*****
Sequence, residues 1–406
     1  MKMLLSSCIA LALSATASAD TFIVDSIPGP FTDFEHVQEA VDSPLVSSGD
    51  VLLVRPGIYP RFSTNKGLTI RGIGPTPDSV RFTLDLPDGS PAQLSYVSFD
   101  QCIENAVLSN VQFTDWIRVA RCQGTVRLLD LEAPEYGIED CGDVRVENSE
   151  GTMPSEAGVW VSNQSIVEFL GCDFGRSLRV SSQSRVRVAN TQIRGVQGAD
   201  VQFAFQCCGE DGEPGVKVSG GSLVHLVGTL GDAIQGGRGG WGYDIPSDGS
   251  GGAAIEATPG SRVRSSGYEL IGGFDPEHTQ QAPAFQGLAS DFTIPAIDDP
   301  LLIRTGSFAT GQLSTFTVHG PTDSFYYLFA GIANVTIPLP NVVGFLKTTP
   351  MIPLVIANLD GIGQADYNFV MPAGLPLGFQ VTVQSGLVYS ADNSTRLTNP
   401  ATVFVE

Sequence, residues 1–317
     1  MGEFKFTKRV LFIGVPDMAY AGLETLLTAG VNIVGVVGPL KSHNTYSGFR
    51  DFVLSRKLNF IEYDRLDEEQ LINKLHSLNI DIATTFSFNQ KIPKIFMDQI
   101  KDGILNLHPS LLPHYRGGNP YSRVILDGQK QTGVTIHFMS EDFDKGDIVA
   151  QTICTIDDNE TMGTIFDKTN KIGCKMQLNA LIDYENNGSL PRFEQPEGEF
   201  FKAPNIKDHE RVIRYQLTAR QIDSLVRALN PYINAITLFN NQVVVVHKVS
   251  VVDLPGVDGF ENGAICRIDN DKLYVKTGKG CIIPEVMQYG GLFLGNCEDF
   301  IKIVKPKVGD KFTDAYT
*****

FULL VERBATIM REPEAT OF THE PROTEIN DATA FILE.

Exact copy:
Sequence, residues 1–406
     1  MKMLLSSCIA LALSATASAD TFIVDSIPGP FTDFEHVQEA VDSPLVSSGD
    51  VLLVRPGIYP RFSTNKGLTI RGIGPTPDSV RFTLDLPDGS PAQLSYVSFD
   101  QCIENAVLSN VQFTDWIRVA RCQGTVRLLD LEAPEYGIED CGDVRVENSE
   151  GTMPSEAGVW VSNQSIVEFL GCDFGRSLRV SSQSRVRVAN TQIRGVQGAD
   201  VQFAFQCCGE DGEPGVKVSG GSLVHLVGTL GDAIQGGRGG WGYDIPSDGS
   251  GGAAIEATPG SRVRSSGYEL IGGFDPEHTQ QAPAFQGLAS DFTIPAIDDP
   301  LLIRTGSFAT GQLSTFTVHG PTDSFYYLFA GIANVTIPLP NVVGFLKTTP
   351  MIPLVIANLD GIGQADYNFV MPAGLPLGFQ VTVQSGLVYS ADNSTRLTNP
   401  ATVFVE

Sequence, residues 1–317
     1  MGEFKFTKRV LFIGVPDMAY AGLETLLTAG VNIVGVVGPL KSHNTYSGFR
    51  DFVLSRKLNF IEYDRLDEEQ LINKLHSLNI DIATTFSFNQ KIPKIFMDQI
   101  KDGILNLHPS LLPHYRGGNP YSRVILDGQK QTGVTIHFMS EDFDKGDIVA
   151  QTICTIDDNE TMGTIFDKTN KIGCKMQLNA LIDYENNGSL PRFEQPEGEF
   201  FKAPNIKDHE RVIRYQLTAR QIDSLVRALN PYINAITLFN NQVVVVHKVS
   251  VVDLPGVDGF ENGAICRIDN DKLYVKTGKG CIIPEVMQYG GLFLGNCEDF
   301  IKIVKPKVGD KFTDAYT